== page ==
- Talk about their life instead of your idea - the goal of the interview is to extract data about the problem, not to sell your eventual solution.
- Ask about specifics in the past instead of hypotheticals or opinions about the future.
- Understand the context around the problem - what was their path to encountering the problem? How does this problem interact with their life? What are their motivations for tackling the problem?
- Talk less and listen more - if you’re talking about your idea (or anything else) they aren’t talking about their problems - remember you’re there to learn.
4. Explore the "Idea Maze"
The first step into the Idea Maze is really understanding the problem. Hopefully, through your interviews, you will have built this understanding. Continuing to walk through the Maze is the essence of foundership because, in some sense, you’re never really out of the Maze.
But what do these early steps look like?
- Researching what possible solutions exist to the problem you now understand.
- Understanding the constraints of potential customers - budget, time, knowledge etc.
- Understanding how the Maze is changing over time - you want to navigate to where the ball is going to be.
- Understanding what a minimal feature set looks like to solve the core burning problem - you don’t have the luxury of years of development and tonnes of cash (and even if you did, you shouldn’t spend it now).
- Understand what a 10x improvement looks like - 10x is important - you are an unknown startup, it’s not enough to be just slightly better than the competition.
- Understanding how you can be different and not merely better - you need to be able to stand out in a crowded market - it’s good to have heretical views and seek to occupy an opposing position to incumbents. Bonus points if you set yourself up to do something they cannot do (e.g. because it would destroy their margins).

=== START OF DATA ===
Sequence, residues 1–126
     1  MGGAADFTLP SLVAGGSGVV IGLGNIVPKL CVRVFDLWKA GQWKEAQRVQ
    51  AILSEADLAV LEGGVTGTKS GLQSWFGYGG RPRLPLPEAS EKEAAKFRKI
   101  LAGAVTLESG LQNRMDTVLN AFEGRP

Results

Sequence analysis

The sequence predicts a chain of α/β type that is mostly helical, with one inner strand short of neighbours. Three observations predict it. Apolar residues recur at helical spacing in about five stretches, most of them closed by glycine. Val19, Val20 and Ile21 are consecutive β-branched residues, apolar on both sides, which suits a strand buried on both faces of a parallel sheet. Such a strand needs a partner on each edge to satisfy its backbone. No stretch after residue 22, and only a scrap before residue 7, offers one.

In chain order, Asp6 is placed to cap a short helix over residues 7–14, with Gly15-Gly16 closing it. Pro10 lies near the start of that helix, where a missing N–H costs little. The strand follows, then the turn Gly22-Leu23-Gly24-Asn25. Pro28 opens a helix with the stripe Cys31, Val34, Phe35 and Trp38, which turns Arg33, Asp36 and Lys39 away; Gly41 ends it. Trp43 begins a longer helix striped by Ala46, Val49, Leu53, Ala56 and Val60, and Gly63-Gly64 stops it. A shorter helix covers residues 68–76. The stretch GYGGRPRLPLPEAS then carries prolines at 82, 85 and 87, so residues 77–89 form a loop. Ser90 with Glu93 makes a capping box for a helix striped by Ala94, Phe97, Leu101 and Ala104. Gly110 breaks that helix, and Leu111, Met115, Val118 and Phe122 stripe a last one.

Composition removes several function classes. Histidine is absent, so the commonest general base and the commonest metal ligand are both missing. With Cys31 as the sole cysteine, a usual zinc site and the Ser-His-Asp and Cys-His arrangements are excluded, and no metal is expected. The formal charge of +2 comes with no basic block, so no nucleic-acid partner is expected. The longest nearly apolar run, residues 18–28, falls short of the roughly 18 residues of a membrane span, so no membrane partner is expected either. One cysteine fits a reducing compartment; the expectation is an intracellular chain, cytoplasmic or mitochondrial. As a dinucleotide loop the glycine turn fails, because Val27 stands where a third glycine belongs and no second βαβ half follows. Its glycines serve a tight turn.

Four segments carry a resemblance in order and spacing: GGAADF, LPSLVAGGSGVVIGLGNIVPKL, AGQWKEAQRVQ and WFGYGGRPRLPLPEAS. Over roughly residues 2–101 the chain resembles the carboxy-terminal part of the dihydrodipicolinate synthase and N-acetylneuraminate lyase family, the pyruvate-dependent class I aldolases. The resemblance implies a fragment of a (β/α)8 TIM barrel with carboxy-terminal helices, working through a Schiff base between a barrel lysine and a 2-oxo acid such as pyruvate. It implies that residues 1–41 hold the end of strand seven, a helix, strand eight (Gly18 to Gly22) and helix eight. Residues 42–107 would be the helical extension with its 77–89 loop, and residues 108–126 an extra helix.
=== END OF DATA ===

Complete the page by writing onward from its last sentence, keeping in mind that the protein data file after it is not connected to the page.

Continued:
Your journey is going to be unique to you and your idea. However, I do want to share some generally applicable tips as you start out navigating the Idea Maze.
- Look for clues in history - it's highly unlikely you're the first person to try to solve this problem.
- Don’t be afraid of others in the Maze with you - learn what you can and recognise any problem worth solving is going to have many people trying to solve it.
- Some turns lead to dead ends - that’s fantastic news, it's simply an hypothesis debunked and wasted time avoided.
Now things can go 1 of 2 ways.
The much more likely path is that, through your exploration, you conclude that this problem is not solvable (yet), not solvable for you, or perhaps not worth solving. This may be for a multitude of reasons. Maybe the timing is not right, maybe you are not the right person, maybe you have the skills but you realise you don’t have a burning passion to work on this problem for years on end, or maybe the market is smaller than anticipated. That’s all ok, it's actually to be expected.
That’s why there is a stage 5 (or why this framework is a flywheel).
5. "Linear Ideation" (restarting the flywheel)
Take what you’ve learned from your exploration and feed that back into the next round of ideation - but crucially, do not throw away your research. Retaining and using the knowledge and experience you've acquired is the principle of linear ideation.
As you explored the idea maze you will have found other clues which might lead to an even greater treasure. Maybe you found new but related problems to add to your list of problems or maybe you found new information which impacts the stack ranking of your problems.
Above all, you will have contacts and experience in a problem domain through your research and your interviews which can be leveraged in the next round of ideation. Don’t start all over from scratch, preserve the value you’ve created in previous rounds of ideation to propel you to the next.
At Stackfix we believe that startups have the potential to change the world in meaningful and hugely positive ways. We hope this framework is helpful as you begin to think about the problems you're passionate about and which you're uniquely positioned to solve.
Camin McCluskey is Co-Founder of Stackfix. Stackfix helps startups find the right software, fast. If you or any company you know are looking for CRM / Customer Support / Applicant Tracking / HRIS software - go to www.stackfix.com (it's totally free).